Although most drugs currently on the market target proteins and alter the activity of RNA, both the Wong group and Jamie Williamson's group are providing the knowledge required to discover molecules other than aminoglycosides that can enter cells, bind RNA, and change the course of a pathologic process.

Jeff Kelly and coworkers in his laboratory have developed small molecules that interfere with the formation of amyloid fibrils, a process whereby a protein undergoes a change in shape and self-assembles into a structure implicated as a cause of the neurodegeneration associated with amyloid diseases such as Alzheimer's disease. As a prelude to studies in humans, the efficacy of these compounds is being tested in a mouse model of Alzheimer's disease.

The overproliferation of blood vessels in the eye is a common cause of vision impairment or loss. Paul Schimmel showed that a fragment of a specific human protein is active against the abnormal proliferation of these blood vessels, suggesting a new therapeutic strategy.

Members of Ian Wilson's laboratory have been instrumental in developing novel peptide mimics for erythropoietin, a hormone that stimulates the production of red blood cells and is useful for treating anemia. The hope is that these small molecules can be given orally rather than being injected, because administration of the injectable form often requires a hospital visit.

The extraordinary ability to make novel small molecules is highlighted by the work of K.C. Nicolaou and Dale Boger. Their findings have made it possible to create new structures with both anticancer and anti-infectious properties. Members of these groups are collaborating with other scientists at TSRI to find clinically useful compounds. In the meantime, their investigations provide the infrastructure for making larger numbers of compounds more efficiently, a situation that facilitates the discovery of new drugs.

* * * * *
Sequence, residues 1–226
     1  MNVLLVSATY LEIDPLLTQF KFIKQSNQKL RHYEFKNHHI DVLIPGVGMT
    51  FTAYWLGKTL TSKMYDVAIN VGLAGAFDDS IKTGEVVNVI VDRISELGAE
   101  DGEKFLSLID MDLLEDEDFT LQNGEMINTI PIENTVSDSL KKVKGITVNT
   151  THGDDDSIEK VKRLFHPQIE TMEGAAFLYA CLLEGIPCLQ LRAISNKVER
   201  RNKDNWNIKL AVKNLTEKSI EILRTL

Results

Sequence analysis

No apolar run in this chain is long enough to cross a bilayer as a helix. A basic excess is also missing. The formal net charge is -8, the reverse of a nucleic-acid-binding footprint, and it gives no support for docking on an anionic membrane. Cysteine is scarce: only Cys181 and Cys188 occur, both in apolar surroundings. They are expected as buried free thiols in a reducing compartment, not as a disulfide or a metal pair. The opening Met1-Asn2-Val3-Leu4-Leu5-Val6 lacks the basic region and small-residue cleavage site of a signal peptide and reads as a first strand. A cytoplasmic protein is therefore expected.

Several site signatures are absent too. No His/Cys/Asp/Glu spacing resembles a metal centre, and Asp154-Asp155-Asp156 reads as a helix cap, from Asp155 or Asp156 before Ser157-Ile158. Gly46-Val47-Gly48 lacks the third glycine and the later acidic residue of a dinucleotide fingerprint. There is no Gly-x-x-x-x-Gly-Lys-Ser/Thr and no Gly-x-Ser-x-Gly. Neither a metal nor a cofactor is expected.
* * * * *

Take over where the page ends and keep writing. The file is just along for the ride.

Results from the laboratory of Peter Schultz and from my laboratory reveal that gradual genetic changes may be the source of many, if not all, illnesses of aging, including breast cancer, osteoporosis, Alzheimer's disease, and arthritis. Aging and its associated diseases can be traced to a gradual increase in errors in all division in tissues throughout the body. This functional change begins slowly in middle age and increases gradually. Although scientists previously thought that aging is a disease in which cells stop dividing, our work suggests that aging is a disease of quality control. With advancing age, altered gene expression results in cells with diminished function. Errors in cell division lead to the altered expression of a collection of key genes in the cells. Altered gene expression gradually causes the loss of tissue function, a condition that results in aging.

Finally, Ben Cravatt and coworkers discovered that specific fatty acid amides modulate pain sensation in vertebrates. This finding should be a major advance in our approach to chronic pain management in humans. Importantly, a combination of chemical, biological, and physiologic studies were used to identify a new enzyme and receptor that can now be targeted with small molecules to alleviate chronic pain, a significant clinical problem.

Clearly, the scope of research activities in the Skaggs Institute reflects the multidisciplinary nature of the work and the creativity and innovative spirit of its scientists. The important collaboration between science and philanthropy has already yielded significant results, and we are well positioned to make even greater strides in the future.



Copyright © 2004 TSRI.